All of this makes very little sense to me. If our state agencies lack capacity because they find it hard to attract capable people, why should we expect the new regime proposed by the authors to work well when the work the new non-profits are supposed to do is conceived by these still-incompetent state staff, contracted with by that incompetent staff and monitored by that incompetent staff? If one of the big reasons that we can’t trust state government to get it right is that the state government’s contracting procedures are so baroque, then how are these non-state actors going to be charged with their new duties and provided state funds to carry them out if not through these very same reprehensible and unworkable contracting procedures?

But my real objection to the proposal runs deeper than that. What is being proposed is, in reality, a giant workaround, proposed by people who are apparently happy to give up on government. To avoid depending on what the authors regard as a hopeless state agency, the authors propose to replace most of its most important functions with a myriad of other organizations, removed from government and much less accountable than government, working more or less independently of one another.

In a paper I wrote last year on school governance, I made the case that the American system of school governance has splintered responsibility for school governance more thoroughly than it has been in any other advanced industrial country. And I advanced the thesis that this extreme splintering of responsibility for school policy-making is the root problem of American education. No one can be held responsible, because the buck stops nowhere. The result is that it is impossible to put together a coherent system, in which all the parts and pieces are designed to support the others. Instead, the parts and pieces of our system are more likely to tug against each other, producing an incoherent and ineffective system. This in stark contrast to the top-performing countries, where the buck stops at the provincial or national ministry of education, which is held accountable for creating and maintaining a system that produces world class performance at a competitive cost. Now, to my astonishment, I see the authors of this paper advancing the idea that what this country needs is an even more splintered system of school governance!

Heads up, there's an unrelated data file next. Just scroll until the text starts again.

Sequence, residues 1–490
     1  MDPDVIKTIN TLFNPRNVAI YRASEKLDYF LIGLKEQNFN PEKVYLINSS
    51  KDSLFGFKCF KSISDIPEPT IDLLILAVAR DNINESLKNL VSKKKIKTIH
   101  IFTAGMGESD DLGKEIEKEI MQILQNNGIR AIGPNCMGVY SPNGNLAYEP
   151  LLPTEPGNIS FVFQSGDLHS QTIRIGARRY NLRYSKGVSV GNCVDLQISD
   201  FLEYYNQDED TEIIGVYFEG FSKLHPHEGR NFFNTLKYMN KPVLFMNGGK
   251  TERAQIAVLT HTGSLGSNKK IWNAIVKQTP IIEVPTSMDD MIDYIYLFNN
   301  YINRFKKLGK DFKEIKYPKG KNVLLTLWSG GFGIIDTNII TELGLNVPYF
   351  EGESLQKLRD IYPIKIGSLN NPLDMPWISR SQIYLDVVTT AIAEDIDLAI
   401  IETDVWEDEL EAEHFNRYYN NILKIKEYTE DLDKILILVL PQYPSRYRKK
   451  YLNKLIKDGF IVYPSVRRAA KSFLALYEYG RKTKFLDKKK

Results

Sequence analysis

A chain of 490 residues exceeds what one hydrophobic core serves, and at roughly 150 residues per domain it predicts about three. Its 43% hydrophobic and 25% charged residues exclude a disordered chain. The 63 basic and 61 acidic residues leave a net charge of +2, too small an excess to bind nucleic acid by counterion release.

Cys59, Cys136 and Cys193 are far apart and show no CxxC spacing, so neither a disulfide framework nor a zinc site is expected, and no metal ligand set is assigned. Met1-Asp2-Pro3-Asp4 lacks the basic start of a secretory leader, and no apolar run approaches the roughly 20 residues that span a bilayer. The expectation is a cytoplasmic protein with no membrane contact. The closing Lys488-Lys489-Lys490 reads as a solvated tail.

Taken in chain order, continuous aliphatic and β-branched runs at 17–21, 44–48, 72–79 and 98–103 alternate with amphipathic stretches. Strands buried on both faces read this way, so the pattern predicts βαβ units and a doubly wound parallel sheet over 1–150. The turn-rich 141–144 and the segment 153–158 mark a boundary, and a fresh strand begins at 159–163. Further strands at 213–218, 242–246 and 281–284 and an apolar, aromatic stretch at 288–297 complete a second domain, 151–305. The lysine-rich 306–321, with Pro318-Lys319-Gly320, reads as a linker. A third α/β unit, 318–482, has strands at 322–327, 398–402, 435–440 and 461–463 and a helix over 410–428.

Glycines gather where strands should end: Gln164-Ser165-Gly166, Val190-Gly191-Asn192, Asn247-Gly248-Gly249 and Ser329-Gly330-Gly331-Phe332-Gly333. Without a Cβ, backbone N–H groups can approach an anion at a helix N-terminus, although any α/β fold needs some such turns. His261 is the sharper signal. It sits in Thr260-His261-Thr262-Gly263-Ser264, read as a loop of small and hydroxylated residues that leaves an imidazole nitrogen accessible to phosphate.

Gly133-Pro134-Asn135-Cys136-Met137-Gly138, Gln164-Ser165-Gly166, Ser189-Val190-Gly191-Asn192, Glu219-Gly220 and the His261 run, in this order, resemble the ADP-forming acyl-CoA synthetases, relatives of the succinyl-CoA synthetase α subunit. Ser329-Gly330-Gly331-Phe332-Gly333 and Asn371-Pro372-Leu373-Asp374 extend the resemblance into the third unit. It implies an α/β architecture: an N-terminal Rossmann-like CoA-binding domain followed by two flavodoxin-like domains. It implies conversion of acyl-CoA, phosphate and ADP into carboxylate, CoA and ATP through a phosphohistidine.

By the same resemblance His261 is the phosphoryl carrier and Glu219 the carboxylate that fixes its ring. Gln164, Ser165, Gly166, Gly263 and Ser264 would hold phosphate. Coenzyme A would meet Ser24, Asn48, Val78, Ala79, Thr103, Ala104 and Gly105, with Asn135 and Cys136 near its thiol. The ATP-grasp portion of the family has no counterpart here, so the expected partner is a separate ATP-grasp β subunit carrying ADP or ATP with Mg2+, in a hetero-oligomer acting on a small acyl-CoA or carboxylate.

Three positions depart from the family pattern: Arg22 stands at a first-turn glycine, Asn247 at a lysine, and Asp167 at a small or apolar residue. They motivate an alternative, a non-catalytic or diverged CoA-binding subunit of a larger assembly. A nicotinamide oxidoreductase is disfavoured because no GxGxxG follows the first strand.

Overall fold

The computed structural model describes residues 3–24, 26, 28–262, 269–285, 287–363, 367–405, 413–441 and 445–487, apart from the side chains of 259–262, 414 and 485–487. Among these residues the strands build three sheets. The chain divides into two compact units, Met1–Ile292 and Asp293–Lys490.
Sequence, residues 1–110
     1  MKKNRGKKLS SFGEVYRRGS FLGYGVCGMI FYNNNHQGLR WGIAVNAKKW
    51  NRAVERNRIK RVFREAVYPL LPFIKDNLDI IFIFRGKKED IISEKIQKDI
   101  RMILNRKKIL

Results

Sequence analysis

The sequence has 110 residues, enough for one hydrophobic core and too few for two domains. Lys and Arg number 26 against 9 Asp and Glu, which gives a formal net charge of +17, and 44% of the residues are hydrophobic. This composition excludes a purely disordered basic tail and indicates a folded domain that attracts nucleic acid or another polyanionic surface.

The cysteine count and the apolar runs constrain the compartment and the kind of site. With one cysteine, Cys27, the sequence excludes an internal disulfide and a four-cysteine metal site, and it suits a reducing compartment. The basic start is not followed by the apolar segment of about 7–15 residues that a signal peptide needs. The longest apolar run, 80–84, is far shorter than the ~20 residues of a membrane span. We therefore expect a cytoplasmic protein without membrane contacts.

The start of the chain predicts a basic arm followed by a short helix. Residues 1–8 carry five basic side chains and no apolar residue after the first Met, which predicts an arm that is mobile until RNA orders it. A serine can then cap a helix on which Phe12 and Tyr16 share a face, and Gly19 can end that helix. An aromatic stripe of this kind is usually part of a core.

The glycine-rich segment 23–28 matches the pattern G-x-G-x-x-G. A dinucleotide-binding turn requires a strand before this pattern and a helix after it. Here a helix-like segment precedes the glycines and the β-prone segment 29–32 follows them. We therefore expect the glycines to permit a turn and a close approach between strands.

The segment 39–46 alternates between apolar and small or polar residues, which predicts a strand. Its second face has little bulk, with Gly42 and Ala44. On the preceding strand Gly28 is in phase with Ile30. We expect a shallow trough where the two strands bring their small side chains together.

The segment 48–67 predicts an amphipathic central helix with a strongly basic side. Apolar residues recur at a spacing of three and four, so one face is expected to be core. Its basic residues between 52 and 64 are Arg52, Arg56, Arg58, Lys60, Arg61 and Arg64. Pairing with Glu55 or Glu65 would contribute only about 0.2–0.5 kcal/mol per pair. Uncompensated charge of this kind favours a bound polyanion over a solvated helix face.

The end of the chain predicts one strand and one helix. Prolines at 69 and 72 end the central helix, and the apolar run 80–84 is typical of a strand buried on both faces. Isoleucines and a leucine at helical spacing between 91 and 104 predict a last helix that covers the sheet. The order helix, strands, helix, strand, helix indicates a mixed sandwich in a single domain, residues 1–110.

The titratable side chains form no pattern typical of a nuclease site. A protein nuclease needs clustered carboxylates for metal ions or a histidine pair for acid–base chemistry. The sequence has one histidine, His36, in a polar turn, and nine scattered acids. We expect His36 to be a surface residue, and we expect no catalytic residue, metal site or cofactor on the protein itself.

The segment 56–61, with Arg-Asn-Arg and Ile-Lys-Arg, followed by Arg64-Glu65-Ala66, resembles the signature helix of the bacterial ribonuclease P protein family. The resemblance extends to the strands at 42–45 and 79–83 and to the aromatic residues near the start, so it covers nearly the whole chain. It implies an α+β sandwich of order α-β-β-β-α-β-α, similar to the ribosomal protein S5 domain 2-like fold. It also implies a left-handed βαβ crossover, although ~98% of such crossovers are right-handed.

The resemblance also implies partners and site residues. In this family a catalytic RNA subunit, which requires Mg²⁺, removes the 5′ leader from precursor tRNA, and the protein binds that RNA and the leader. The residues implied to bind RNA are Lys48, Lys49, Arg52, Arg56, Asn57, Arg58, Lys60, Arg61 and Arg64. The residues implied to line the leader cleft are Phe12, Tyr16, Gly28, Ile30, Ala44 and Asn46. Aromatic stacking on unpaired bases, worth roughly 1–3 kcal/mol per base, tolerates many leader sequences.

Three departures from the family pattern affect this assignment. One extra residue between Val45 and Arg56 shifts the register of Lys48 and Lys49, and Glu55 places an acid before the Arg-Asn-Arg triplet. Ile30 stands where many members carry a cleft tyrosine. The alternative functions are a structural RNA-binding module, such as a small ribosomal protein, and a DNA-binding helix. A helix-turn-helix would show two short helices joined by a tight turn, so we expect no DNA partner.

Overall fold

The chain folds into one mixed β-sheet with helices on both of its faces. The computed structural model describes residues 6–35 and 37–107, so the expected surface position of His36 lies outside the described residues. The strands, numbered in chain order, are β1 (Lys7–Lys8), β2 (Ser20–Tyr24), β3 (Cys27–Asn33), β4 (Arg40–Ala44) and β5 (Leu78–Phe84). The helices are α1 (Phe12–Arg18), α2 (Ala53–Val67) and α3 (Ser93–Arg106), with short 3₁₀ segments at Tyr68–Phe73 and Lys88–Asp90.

This is truly stunning. On the basis of what evidence that such a system would actually work? They point to states that have given authority to agencies other than the state education agency for certain functions, but they advance no evidence that this assignment of authority to others has resulted in measured improvements in student achievement. Is evidence no longer relevant? What am I missing here?

The evidence from the top performing countries strongly suggests that what we need is stronger state agencies, not weaker ones. What kind of Americans are we if we sigh and say that it is simply not possible to have strong, capable state education agencies? Are we really no longer able to govern ourselves? The authors of this paper are correct in saying that we are asking far more of our state education agencies than we used to ask of them (and have, at the same time, stripped them of the staff they need to perform these tasks). The proper response to the challenge we have thereby created is not to work around these agencies, but to reconstruct them so they can do the job we are now asking of them. If the countries that are outperforming ours in the education arena can do this, there is no reason we cannot do so.